toronto’s archeological treasures still buried (in bankers’ boxes, garages, basements and lockers) - corrugated plastic
Archaeologist Ron Williamson presents ancient treasures from his company's storage room500-year-
Old tools made of animal bones, pipes of the same age made of clay, and decorative beads carved with shells.
They are just a fraction of the artifacts stored in the box of the Archaeological Service company banker. on Bathurst St.
The company has stored hundreds of boxes on site and more boxes in other facilities with euros in them
The Canadian and indigenous artifacts of ASI archaeologists, subject to the Ontario license terms, are trusted by the people of the province every time they are hired to conduct archaeological assessments or excavations.
Throughout their lives, archaeologists can collect hundreds of boxes, store them in garages, basements, and lockers, or in the storage rooms of the institutions and companies they work.
Williamson estimates that archaeologists in the province have stored at least 20,000 boxes of artifacts.
Ontario is one of the few jurisdictions in North America that do not require artifacts to enter central storage facilities, where researchers can use them and keep them safe.
Williamson created ASI in 1980 and has been advocating for central repositories for many years.
"We have the strongest legislation in North America to pull these things out of the ground before development, so it won't be destroyed by development," Williamson said . ".
"We have the weakest legislation on how to deal with these things.
"In Toronto, city staff looked at the centralized storage of about 3,500 boxes related to downtown Toronto --
Now master the construction-based excavation in the hands of individual archaeologists or government agencies or companies they work.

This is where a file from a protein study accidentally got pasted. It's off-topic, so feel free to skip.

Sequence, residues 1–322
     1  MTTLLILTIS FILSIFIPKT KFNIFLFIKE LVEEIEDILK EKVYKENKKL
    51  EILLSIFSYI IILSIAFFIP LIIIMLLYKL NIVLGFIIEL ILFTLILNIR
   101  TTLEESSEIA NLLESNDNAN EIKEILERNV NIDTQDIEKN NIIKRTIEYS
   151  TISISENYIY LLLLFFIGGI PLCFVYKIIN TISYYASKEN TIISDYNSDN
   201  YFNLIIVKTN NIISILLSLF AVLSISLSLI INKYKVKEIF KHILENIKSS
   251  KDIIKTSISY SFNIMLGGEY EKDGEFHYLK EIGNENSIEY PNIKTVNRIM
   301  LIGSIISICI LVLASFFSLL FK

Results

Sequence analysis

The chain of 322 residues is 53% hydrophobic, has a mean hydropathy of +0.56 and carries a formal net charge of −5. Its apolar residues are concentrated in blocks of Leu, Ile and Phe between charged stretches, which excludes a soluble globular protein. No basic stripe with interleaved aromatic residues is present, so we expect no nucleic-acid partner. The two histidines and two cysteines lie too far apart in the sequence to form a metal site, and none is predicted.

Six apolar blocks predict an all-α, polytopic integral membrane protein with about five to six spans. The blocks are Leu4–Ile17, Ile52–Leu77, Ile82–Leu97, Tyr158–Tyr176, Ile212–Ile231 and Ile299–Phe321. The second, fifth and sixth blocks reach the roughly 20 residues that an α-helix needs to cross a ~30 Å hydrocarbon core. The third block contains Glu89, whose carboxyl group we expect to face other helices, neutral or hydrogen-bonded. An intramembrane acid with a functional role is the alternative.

Some are stored by the city itself.
But an employee report released last fall said it was too expensive to transform an existing building into a storage facility that would accommodate them, plus the use of new materials over the next 10 years.
On the contrary, the Council adopted a motion on December proposing that the collections be sent to sustainable archaeology for the purpose --
Built a 30,000 in Hamilton-
Box capacity as part of McMaster University.
A sister facility at West London university has 50,000 square meters of space, all built with government funding.
Until recently, Hamilton's arm was still almost empty.
"They have space, they have employees, they have long term
"This is a long-term curatorial exhibition of archaeological collections," said Toronto Chief curator Wayne Reeves . ".
"We think it's more feasible than working internally to find money to re-invent the wheel to create a bracket --
He said: "There are only facilities in Toronto.
Read more: drawing a map of Aboriginal residents in Toronto "what really matters is that they are no longer held in potential hazardous storage facilities, do not see management, and more importantly, do not have public access.
"The city will continue to store cultural relics related to the 10 museums it operates in the existing museum collection center and transfer the rest to Sustainable Archaeology.
Not in Toronto-
The running Museum is the indigenous history of the city.
One obstacle to the Toronto plan is the lack of government regulation that requires archaeologists to store artifacts in central warehouses.
Another obstacle is cost.
Depending on how much processing is required, Sustainable Archaeology costs $150 to $900 per box.
Before repackaging in a corrugated plastic box, they may need to be cleaned, identified, marked and bagged.
These boxes have radio frequency labels so that monitors at the door of the warehouse can track them as they go in and out.
The facility also has state-of-the-
Laboratory of Art Studies
Processing costs cover the cost of the cataloged items and ensure that the facility is sustainable for a long time to come when the shelves are full.
"The province needs to play a leadership role, saying that we will implement guidelines on how to manage these collections once they are recycled from underground," Reeves said, "creating some sort of funding program, help archaeologists transfer their collections to storage such as Sustainable Archaeology.